Jane was very kind but we didn’t have the same point of view. As I took more of an interest in financial management I eventually outgrew the relationship.   I started asking questions that couldn’t be answered easily. For example, why was it ok for my mutual fund to say ‘past performance doesn’t guarantee future performance’ and then use examples of past performance to talk about the track record of mutual funds?  It wasn’t anyone’s fault it was just the natural progression of a higher level of education. The more I learned the more I began to recognize gaps in what I was being told. Most importantly, I began to ask more insightful questions which helped me recognize when answers just didn’t add up. Still parting ways can be hard.

I relied so much on someone for so long to make crucial decisions when managing one of the most important aspects of my life: my money; it was difficult imagining anything else. It’s scary to take off the training wheels.  It’s scary having to come face to face with the reality that you can no longer blame someone else for losing money even if you could never have blamed them in the first place. What I have learned is that losing money is always my own fault. Who I choose to manage my money is my choice so I can either pick someone who picks winners or pick the winners myself. I would now be fully responsible for my wins and for my losses. I also liked my advisor. She was really nice and that made breaking up more difficult.

My desire to learn more about trading started when I began working on When I first started I was primarily responsible for the look and feel of the site and our brand. But then I started reading all the articles and watching the interviews with Danielle Park and Tyler Bollhorn among others which really inspired a shift in my mindset.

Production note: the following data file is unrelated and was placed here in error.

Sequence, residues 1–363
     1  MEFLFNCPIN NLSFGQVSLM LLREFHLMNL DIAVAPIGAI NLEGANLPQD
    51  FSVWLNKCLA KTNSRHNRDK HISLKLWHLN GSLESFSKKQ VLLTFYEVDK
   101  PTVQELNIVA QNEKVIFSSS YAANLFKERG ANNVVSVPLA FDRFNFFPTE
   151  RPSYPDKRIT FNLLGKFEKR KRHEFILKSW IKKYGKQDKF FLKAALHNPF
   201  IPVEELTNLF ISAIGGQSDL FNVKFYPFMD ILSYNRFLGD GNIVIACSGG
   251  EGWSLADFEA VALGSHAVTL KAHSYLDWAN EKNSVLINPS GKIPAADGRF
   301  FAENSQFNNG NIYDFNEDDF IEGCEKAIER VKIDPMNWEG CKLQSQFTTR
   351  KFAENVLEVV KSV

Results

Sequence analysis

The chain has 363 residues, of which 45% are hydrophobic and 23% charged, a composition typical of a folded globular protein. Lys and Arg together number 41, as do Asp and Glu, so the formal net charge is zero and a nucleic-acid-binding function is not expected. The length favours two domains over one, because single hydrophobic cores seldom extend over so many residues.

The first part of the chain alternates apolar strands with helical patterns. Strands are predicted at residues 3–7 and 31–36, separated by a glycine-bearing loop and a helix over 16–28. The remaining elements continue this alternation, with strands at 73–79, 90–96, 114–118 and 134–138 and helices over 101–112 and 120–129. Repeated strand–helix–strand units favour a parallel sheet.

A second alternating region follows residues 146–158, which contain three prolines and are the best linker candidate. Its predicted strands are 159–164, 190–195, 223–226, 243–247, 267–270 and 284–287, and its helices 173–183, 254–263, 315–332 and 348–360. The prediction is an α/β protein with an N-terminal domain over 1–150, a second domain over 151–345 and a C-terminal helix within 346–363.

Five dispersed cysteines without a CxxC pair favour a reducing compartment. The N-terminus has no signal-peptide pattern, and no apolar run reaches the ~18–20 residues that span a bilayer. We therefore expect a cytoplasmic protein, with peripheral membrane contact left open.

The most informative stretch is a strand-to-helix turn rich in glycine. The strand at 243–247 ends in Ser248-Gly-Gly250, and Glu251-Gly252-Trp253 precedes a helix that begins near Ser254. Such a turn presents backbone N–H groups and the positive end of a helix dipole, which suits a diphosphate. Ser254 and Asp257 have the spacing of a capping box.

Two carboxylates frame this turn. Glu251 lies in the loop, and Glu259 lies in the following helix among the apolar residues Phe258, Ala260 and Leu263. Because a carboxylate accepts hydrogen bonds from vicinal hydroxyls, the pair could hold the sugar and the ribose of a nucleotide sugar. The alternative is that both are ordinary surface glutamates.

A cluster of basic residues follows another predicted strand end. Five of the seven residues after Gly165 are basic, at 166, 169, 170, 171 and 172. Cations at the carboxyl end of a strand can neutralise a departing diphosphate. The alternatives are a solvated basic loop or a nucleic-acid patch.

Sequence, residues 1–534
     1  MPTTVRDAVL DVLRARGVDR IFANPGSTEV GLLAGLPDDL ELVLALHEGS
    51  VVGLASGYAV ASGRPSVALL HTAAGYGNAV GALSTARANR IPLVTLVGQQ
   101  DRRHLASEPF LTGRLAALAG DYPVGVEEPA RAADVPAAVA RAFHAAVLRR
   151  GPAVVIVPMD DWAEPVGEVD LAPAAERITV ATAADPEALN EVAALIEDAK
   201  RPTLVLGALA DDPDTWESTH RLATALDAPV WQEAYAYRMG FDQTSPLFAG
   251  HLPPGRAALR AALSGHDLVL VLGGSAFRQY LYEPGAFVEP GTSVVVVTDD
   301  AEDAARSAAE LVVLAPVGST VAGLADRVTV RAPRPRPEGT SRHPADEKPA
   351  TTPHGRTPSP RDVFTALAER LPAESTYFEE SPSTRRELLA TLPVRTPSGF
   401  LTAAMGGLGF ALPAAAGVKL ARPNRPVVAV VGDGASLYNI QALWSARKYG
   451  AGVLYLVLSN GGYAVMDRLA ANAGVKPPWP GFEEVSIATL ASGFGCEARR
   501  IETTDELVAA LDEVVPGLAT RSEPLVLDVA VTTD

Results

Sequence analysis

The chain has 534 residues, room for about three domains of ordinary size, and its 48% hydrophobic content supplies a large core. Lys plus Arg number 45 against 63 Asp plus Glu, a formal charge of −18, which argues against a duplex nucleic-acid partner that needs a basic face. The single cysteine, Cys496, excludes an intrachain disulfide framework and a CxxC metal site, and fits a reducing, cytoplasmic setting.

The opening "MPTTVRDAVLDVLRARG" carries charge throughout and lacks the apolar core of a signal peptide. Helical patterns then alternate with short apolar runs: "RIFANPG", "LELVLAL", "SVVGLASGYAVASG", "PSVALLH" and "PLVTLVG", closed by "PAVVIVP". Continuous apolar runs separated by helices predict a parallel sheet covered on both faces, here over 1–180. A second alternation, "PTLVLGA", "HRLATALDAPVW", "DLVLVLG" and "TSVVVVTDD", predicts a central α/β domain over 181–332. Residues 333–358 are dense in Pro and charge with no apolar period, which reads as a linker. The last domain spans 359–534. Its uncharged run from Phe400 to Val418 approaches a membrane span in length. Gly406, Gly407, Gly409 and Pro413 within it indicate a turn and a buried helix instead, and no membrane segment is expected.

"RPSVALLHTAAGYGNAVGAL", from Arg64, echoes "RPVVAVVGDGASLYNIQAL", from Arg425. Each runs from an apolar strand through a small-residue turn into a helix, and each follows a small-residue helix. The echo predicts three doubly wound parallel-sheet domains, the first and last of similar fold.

I realized that while I didn’t know a lot about trading and investing it’s because of a choice I made. I chose not to know. I could continue to make that same decision, to remain uninterested, intentionally unaware of how a system that impacts me so much works. It’s a choice that would have been disadvantageous and would hurt me in the long run.

So now I’m ready to take the little education I have in personal financial management to the next level. I’ll be reviewing some key learning points, running trading simulations, reading analysis from the people who know it best, before putting my skin in the game and opening a trading account.    Join me as I take over the reins of my finances and learn with me from my moments of heartbreak and glory.

Happy trading!


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Online Discount Brokerage Deals & Promotions – June 2012

This month’s discount brokerage deals and promotions from Canadian online discount brokerages still includes some substantial offerings, such as the Disnat Active 5 offer and the Scotia iTrade 100 free trades offer. Some new promos this month include the ‘one free trade’ offer from Scotia iTrade to download and try their mobile trading app (for which you qualify for 1 free equity trade and one free options trade) and the ‘refer a friend’ offer from National Bank Direct Brokerage.  Scotia iTrade also added another promotion that can give you either $100 or $150 plus 25 or 50 trades free (respectively) depending on your deposit – the fine print is a bit tricky so make sure to read it on this one as the promo code is buried in that fine print. Questrade has extended their “stick it to your broker” 10 free trade offer until the end of June.  Lastly there are some exciting whispers floating around that Jitneytrade may be announcing a deal soon and that National Bank Direct Brokerage is working on another promo for release sometime in June. Stay tuned!

Company Brief Description Details Link Deadline
Open a new account (TFSA, Margin or RRSP) and receive $50 commission credit . Use promo code: kdkfnbbc none none
Move your brokerage account to Questrade and they’ll cover the transfer-out fee. Transfer Fee Promo none
Open and fund your account with a minimum of CAD $1,000 before May 31st, 2012 and you’ll get 10 commission-free trades. Use your 10 stock trades within the first 30 days. Buy or sell, one at a time or all at once. Stick12 additional terms here June 30 2012